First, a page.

Of course, it doesn’t always work but, when it does, Lowry has looked to be darn near unplayable whether encountering reasonably well set or scrambling defensive shapes.

And just on the subject matter of defence, the now internationally-capped player can also perform here at an elevated level which is no mean feat considering his size.

Chopping down Pierre Schoeman last time out when the South African appeared to be bearing down on the line was brave and impressive while, under the high ball, Lowry also punches way above his weight.

He is much less effusive about his process when facing attackers though he is just as effective here than when shimmying his way towards probing for gaps.

“It’s just working alongside Jared (Payne) and he has given me tips for so many years. It is about hard work in the background and learning,” says Lowry, name-checking the soon to depart Ulster defence coach.

“It doesn’t necessarily mean going out and making 100 tackles during the week in training, it’s just learning what to look for and getting technique right.”

It’s all made him a hot property and his name looks heavily inked onto Andy Farrell’s squad list for this summer’s tour to New Zealand where the former RBAI pupil will be itching to win a second cap at some point in the three-Test series.

He deals with the growing hype by, well, largely ignoring it and his internal engine is geared towards simply pushing himself to be better.

“I stay off social media as much as I can,” he explains.

“You can read all the positive comments, but if you read a negative comment that one can stick in your head.

“You can have a bad game and want to look up social media, but I try to stay away from that and it’s been going well so everything is great.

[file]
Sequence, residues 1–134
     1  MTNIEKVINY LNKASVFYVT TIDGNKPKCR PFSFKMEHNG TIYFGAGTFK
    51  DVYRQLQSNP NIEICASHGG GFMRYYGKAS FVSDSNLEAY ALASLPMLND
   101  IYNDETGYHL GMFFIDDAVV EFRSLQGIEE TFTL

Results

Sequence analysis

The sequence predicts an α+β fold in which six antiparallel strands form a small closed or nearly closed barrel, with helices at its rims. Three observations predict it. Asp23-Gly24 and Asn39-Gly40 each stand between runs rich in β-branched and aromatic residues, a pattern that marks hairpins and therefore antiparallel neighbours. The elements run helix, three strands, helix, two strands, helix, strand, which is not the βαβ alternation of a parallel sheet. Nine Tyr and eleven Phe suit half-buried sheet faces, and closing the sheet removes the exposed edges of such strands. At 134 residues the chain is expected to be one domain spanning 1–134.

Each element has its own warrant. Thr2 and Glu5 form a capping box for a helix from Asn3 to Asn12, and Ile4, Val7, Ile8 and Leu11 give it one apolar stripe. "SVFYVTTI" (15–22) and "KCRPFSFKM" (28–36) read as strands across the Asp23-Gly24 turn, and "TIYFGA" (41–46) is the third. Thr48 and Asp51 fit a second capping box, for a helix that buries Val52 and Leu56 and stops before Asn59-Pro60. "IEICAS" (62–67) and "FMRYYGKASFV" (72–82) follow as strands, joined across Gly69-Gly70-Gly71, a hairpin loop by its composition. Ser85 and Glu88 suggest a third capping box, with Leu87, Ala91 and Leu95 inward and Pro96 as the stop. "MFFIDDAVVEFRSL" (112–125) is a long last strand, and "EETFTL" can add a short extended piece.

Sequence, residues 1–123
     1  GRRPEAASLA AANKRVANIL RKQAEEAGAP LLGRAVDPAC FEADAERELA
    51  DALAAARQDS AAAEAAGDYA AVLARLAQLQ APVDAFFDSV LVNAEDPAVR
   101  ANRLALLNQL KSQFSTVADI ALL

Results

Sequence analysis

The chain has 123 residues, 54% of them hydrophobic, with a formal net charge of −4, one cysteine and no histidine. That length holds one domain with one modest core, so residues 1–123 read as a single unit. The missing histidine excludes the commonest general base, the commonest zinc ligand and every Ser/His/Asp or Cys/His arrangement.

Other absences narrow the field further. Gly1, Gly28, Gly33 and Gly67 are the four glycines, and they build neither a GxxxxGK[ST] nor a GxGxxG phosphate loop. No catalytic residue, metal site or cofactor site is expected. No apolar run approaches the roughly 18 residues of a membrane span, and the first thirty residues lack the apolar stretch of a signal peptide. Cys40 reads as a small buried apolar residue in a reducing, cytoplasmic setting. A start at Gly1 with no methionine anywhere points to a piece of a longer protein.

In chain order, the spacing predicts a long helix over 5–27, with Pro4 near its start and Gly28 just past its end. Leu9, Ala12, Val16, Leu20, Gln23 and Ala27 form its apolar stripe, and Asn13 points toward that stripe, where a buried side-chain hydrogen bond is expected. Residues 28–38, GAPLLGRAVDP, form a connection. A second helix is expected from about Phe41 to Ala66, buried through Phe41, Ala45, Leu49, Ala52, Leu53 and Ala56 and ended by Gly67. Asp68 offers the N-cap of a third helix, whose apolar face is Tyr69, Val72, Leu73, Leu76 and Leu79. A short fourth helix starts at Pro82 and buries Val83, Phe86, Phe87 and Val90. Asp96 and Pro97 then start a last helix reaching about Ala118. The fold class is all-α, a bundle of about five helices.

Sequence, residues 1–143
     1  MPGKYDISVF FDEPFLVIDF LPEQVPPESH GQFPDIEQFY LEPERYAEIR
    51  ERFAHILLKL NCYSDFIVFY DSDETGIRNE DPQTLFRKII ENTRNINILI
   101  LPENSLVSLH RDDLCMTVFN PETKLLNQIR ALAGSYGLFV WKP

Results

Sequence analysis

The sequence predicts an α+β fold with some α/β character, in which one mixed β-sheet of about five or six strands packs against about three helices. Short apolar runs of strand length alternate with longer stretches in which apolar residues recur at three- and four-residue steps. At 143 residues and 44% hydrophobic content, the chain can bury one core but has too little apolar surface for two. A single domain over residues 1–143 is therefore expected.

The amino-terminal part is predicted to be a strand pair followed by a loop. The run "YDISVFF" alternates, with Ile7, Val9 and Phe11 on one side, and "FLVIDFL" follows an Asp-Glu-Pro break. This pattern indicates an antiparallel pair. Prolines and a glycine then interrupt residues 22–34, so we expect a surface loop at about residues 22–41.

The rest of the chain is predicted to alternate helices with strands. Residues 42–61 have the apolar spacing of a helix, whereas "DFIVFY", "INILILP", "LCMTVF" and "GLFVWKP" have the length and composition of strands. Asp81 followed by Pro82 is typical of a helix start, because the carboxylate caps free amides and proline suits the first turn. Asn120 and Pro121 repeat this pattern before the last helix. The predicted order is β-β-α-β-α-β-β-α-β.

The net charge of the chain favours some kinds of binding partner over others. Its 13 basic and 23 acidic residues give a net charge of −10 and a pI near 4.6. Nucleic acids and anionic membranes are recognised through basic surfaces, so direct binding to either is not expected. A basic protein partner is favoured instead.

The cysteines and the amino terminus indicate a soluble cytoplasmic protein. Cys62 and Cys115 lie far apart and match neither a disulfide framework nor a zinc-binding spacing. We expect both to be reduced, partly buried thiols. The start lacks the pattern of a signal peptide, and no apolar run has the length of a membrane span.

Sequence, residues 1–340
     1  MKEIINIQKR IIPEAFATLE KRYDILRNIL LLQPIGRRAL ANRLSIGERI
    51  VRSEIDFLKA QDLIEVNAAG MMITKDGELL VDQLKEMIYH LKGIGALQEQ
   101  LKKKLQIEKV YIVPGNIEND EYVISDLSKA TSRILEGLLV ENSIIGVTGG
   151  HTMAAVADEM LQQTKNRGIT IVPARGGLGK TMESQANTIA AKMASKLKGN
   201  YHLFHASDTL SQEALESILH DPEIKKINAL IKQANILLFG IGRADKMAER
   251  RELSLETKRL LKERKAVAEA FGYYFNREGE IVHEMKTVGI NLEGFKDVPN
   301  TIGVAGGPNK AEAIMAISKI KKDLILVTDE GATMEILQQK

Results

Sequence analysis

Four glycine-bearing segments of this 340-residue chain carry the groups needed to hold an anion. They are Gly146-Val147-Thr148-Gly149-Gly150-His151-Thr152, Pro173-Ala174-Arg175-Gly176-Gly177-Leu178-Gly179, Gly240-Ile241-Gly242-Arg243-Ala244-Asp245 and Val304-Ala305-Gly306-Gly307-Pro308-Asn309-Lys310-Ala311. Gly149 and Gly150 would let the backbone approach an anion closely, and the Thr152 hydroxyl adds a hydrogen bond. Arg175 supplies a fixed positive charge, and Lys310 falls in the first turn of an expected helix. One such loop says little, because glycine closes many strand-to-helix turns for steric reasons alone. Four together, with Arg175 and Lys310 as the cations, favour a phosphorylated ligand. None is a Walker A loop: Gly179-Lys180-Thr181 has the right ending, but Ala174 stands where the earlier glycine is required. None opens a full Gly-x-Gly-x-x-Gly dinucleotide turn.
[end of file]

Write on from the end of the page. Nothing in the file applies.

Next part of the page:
“I suppose it’s about just staying grounded, working hard, staying in this environment and helping each other out.”

So the headspace is fine and in terms of improving his own efforts on the park, Lowry is able to expound here in a manner that sounds as if he’s older than his years.

“I actually remember seeing something saying that, ‘If you compete against yourself, you’ll get better but if you compete against others, you’ll get bitter’.

“I’m one who competes against myself rather than competing against others and that works for me.

“I quite liked this, and it allows me to improve a lot more.”

He’s at full-back again this evening for the Ravenhill clash against the Sharks — the recent rare outing at 10 against Munster did not go so smoothly — and his incursions on the game would seem bound to be impactful.

And this is quite a fixture, with a home quarter on offer for the winners against a mighty-looking Sharks side.

“It could be the difference for us travelling away to South Africa or staying at home and we all know how tough (going to) South Africa is,” adds Lowry.

“It pretty much could define the season and if we win it could build a bit of momentum going into the knockout stages.”

Another must-win occasion awaits them.